He has nothing against coffee; he drank it enthusiastically – until, that is, he visited Sierra Leone on a bean-buying trip. "I woke up in Sierra Leone to discover that there's no coffee there," he says. "They grow Robusta beans, but they export all of them, every last one." So he used the cacao he had on him, "and that was it, I suddenly realised what it was all about". Good chocolate is good for you, he maintains, bringing cardiovascular benefits, reducing stress and offering a slow high that's the antithesis of stress-inducing caffeine.

Willie brushes the egg halves with melted chocolate (Keiko Oikawa)

In some ways, Harcourt-Cooze was brought up for slow highs. The child of an Irish mother and Burmese father, he grew up on an island off the south-west coast of Ireland, pickling fruit, smoking fish and milling flour. Then, in his twenties, a backpacking trip to Venezuela – a country with both a long history of cacao-growing as well as rare strains of cacao neglected thanks to the recent influx of oil – changed his life.

Chocolate is still the religion Harcourt-Cooze, now 50, follows, so an Easter egg ought to be the most appropriate of products for him – but he doesn't make them commercially, just for friends and family, who drop round to the workshop and help make their own. "My kids make eggs, my friends make them for their partners – it's a symbolic friendship thing."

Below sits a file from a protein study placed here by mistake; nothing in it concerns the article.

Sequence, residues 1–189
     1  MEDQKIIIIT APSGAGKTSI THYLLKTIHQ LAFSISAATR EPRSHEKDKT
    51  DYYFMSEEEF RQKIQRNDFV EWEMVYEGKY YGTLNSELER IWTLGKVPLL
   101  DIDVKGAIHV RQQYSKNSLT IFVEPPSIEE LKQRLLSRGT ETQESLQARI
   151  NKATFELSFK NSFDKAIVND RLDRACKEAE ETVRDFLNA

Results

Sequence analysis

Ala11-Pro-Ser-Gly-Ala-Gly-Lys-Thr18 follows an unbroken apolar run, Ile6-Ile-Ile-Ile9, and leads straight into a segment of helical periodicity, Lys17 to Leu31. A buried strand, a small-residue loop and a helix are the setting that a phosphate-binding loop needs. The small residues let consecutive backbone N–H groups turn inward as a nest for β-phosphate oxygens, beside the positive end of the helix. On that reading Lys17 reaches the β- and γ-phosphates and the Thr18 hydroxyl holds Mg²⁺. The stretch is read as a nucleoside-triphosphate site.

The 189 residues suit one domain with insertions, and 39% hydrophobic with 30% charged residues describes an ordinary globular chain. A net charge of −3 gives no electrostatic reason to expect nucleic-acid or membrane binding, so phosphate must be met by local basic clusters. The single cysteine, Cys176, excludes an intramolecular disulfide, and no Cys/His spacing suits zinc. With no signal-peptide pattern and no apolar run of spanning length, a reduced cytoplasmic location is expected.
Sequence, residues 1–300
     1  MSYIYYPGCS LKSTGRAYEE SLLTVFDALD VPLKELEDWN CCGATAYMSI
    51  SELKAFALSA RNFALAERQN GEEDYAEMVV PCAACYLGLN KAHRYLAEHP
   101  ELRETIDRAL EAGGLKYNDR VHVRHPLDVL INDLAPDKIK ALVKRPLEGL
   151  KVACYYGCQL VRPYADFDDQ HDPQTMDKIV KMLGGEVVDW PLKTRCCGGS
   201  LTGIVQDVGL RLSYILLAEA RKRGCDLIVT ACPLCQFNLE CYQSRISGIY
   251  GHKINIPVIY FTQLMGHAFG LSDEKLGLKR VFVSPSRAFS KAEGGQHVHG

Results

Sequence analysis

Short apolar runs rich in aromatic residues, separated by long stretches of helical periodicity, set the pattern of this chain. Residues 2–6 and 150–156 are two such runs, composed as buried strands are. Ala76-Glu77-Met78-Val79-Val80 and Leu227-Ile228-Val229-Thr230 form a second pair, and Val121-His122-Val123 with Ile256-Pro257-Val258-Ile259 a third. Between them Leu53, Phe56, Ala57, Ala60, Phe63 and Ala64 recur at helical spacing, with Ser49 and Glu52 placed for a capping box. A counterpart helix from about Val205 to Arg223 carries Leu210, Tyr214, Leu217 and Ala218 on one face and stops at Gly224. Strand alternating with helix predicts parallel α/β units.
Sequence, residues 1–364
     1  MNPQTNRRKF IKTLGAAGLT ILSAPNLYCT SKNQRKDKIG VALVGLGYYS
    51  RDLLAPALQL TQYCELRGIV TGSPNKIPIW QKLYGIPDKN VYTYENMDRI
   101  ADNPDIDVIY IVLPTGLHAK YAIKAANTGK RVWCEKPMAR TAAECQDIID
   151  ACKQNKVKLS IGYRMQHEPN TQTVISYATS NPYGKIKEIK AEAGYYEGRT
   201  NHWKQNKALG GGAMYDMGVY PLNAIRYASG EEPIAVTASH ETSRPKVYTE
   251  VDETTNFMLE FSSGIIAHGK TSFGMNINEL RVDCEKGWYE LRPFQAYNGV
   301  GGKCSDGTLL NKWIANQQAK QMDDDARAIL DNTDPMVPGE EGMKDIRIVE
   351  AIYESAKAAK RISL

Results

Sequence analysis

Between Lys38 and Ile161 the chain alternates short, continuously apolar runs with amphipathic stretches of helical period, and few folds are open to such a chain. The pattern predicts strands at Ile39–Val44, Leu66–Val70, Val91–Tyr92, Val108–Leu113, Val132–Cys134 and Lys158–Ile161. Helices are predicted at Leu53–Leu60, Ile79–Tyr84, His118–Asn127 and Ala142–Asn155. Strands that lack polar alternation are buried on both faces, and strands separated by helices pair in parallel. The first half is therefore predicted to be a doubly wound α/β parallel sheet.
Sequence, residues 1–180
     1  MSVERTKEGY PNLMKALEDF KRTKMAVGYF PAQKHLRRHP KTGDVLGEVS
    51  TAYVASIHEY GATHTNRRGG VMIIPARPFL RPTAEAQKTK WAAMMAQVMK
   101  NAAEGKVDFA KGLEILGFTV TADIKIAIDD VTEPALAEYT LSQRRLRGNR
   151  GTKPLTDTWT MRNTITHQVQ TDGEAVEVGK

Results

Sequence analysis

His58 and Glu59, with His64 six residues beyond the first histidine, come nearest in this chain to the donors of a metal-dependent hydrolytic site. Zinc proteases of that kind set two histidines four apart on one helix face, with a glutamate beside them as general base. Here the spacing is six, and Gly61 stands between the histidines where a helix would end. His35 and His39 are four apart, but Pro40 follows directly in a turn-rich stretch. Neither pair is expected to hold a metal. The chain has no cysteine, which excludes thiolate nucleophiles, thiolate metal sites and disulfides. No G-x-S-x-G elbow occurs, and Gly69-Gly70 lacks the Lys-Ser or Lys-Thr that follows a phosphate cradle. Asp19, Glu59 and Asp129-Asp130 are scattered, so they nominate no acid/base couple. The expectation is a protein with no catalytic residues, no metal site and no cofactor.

Below, he provides a recipe for a special egg he's created for The New Review – one he says "reflects what I'd do for myself". The egg is plain but sprinkled with gold. "If you over-decorate it, you detract from the desire to eat it – the egg becomes a work of art instead," he explains.

It is clear that for Harcourt-Cooze, the chocolatier who wants to convince the whole world to worship lovingly made, high-quality chocolate, there could be nothing worse than an untasted Willie's Cacao Easter egg.

Willie flicks gold dust on to his egg with a toothbrush (Keiko Oikawa)

Willie's Easter eggs

To make your eggs gleam, you need to temper the chocolate so the cocoa butter in the chocolate forms tiny crystals. The easiest way to do this is called "seeding" and the smallest amount of chocolate that you can temper in this way is about 300g. If you don't need that much, you can store the remainder in a cool place until needed. You will need a sugar thermometer.

Begin by tempering 300g of chocolate. For this recipe, I've used my Venezuelan Gold, Las Trincheras 72 (this is 72 per cent cacao). Roughly break up or chop 200g and grate the remaining 100g. Place the roughly chopped chocolate in a heatproof bowl set over a pan of gently simmering water until melted, making sure that the bottom of the bowl is not in contact with the hot water. Use the sugar thermometer to check the temperature of the chocolate. When it has reached 45C, remove from the heat and stir in the 100g of grated chocolate.